Nice Opera presents a double bill of two 20th century masterpieces

Poster courtesy Nice Opera

Nice Opera continues its current season with a double bill of Stravinsky’s mythical tale Le Rossignol and Poulenc’s somewhat off-beat Les Mamelles de Tirésias. A co-production with Champs-Elysées Theatre and Oper Köln, this dual staging is led by conductor Lucie Leguay, with direction by Olivier Py.  

Igor Stravinsky began work on his opera Le Rossignol in 1908. With a libretto by the composer and Stefan Mitoussov, it was inspired by Hans Christian Andersen’s fairy tale The Nightingale and the Emperor of China. When Sergei Diaghilev, impresario of the Ballets Russes, asked Stravinsky to provide the score for his ballet The Firebird – followed by Petrushka and the phenomenonal Rite of Spring – Stravinsky put aside Le Rossignol to concentrate on Diaghilev’s ballets. By the time that he turned his attention back to Le Rossignol in 1914, much had changed in the composer’s life. The two remaining acts featured much more modernistic trends than the lustrous influence of Stravinsky’s teacher, Nikolai Rimsky-Korsakov, on the first act.

Le Rossignol tells how a fisherman is fascinated by the beauty of the song of a nightingale. Courtiers of the Emperor persuade the bird to go with them to the court of the Emperor, who is equally charmed by it. The Emperor however is subsequently seduced by the singing of a mechanical bird brought to him by emissaries from Japan. The angry nightingale flies away from the court, but does not forget the disloyal Emperor, who falls ill and longs to hear the real nightingale again. The bird arrives and strikes a deal with Death in that he will spare the Emperor if the nightingale sings one more song. This the nightingale does, dawn comes and the emperor recovers. The bird promises to return again each night.

The work was premiered by the Paris Opera at the Théâtre National de l’Opéra on 26th May, 1914 – the eve of the First World War – in a performance conducted by Pierre Monteux. In 1920 the opera was adapted into a ballet, Le Chant de Rossignol, by Diagheliv’s Ballets Russes.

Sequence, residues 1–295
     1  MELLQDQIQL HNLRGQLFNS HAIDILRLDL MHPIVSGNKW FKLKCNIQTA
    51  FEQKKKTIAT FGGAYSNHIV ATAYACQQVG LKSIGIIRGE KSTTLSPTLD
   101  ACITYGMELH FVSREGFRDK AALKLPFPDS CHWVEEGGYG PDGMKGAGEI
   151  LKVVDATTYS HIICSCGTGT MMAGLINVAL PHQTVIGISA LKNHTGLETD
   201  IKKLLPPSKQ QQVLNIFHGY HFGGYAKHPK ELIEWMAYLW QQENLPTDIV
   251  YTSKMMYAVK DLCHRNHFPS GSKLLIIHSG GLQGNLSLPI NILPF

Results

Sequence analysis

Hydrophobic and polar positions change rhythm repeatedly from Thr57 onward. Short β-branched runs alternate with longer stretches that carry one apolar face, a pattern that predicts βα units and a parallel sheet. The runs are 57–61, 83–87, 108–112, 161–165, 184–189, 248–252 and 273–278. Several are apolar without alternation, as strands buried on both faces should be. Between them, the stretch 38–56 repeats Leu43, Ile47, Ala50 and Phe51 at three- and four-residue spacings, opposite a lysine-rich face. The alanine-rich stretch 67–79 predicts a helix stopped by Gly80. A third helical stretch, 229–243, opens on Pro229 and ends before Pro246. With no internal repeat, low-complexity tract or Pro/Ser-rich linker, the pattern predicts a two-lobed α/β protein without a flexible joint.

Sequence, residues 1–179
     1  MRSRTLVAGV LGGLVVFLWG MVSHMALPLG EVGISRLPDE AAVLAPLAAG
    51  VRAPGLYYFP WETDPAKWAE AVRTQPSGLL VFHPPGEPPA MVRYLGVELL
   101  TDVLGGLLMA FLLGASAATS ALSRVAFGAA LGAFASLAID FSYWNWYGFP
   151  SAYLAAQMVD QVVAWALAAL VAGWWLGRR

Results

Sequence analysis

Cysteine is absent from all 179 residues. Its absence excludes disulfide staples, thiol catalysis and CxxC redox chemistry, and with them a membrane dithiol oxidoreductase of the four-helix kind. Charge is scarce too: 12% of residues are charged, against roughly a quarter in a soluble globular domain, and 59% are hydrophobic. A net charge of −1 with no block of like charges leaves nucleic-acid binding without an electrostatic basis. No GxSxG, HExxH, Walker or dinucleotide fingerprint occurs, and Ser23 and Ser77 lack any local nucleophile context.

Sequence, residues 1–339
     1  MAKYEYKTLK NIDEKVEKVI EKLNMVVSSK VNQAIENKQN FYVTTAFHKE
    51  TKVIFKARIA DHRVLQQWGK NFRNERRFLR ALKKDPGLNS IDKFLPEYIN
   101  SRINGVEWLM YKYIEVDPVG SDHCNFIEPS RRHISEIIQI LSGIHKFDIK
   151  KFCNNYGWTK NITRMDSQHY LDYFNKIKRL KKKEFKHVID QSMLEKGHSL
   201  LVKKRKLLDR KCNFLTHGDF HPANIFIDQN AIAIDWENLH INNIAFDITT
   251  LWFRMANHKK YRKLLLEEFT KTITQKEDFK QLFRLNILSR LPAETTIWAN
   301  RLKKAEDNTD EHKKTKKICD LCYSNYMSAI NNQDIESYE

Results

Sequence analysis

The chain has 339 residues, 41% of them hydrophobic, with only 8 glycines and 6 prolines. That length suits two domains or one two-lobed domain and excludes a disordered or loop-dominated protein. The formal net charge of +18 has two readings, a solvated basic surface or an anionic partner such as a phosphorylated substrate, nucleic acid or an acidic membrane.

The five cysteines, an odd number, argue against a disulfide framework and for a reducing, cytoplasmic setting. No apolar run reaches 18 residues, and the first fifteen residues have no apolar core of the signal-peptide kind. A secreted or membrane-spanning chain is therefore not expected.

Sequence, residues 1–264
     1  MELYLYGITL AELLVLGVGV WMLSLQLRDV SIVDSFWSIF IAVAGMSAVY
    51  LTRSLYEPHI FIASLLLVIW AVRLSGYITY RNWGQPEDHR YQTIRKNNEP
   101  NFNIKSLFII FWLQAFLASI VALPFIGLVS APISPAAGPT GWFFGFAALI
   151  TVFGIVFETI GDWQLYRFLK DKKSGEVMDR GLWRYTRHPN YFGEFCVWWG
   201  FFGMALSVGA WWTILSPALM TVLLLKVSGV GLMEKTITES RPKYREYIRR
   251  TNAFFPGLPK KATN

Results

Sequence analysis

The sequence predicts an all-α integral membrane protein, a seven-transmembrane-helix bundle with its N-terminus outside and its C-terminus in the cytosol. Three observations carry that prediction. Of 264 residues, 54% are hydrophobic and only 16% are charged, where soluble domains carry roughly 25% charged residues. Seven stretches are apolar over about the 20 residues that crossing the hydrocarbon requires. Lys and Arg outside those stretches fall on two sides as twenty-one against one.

Francis Poulenc is regarded as having made an important contribution to French music in the decades after World War I, and whose songs are considered among the best composed during the 20th century. Like Stravinsky, he also contributed to the repertoire of Diaghilev with his score for the ballet Les Biches, and is well known in the opera repertoire for his work Les dialogues de Carmélites.

 Poulenc’s Les Mamelles de Tirésias is a two-act opera bouffe with a prologue, the mocking music of which is humorously appropriate to the text by the French poet Guillaume Apollinaire, upon which it is based. The term “surrealist” was used by Apollinaire to describe his play – considered scandalous in its time. The opera has a frivolous, jazzy score, inspired by the sound of the Twenties, and is probably best summed up by Glyndebourne Opera: “Les Mamelles de Tirésias is a giddy romp of an opera that throws questions of politics, gender and society up into the air and watches them shatter into hundreds of glittering pieces”. It was written in 1945 and premièred at the Opéra-Comique on 3rd June, 1947.

Following the Prologue – in which the Theatre Manager announces that the moral of the drama is that everyone must make more babies – the opera tells of Thérèse, a young married woman, who is fed up with the life of an obedient housewife. She is a feminist, and full of ambitions. She unbuttons her blouse, and her breasts detach themselves and fly away like balloons. Thérèse then updates her husband on this new situation: she will no longer be his wife, and henceforth will be known not as Thérèse but as Tirésias, and determined to campaign against the slavery of childbirth. Her husband – who has temporarily transitioned to a woman – decides that if the women will no longer have babies, then he will undertake the task himself.

In Act II the curtain rises on a stage full of cradles. The lesson, he says, is simple: the more children you have, the richer you will be. Tirésias gets into a fight with a policeman, kills him (although he subsequently recovers), she reveals herself as Thérèse, and she and her husband are happily reunited.

The major roles in these two operas are taken by Rocío Pérez as The Nightingale and Thérèse-Tirésias, and Federico Longhi as the Emperor of China and Thérèse’s husband, and the productions are sung in French with surtitles in French and English.
                                                                                                                            Performances take place at Nice Opera from 28th May to 1st June. Further information and details of ticketing are available on the Nice Opera website.

Information sourced from:

Nice Opera programme notes

Le Rossignol –

Poulenc –

This article first appeared in Riviera Buzz

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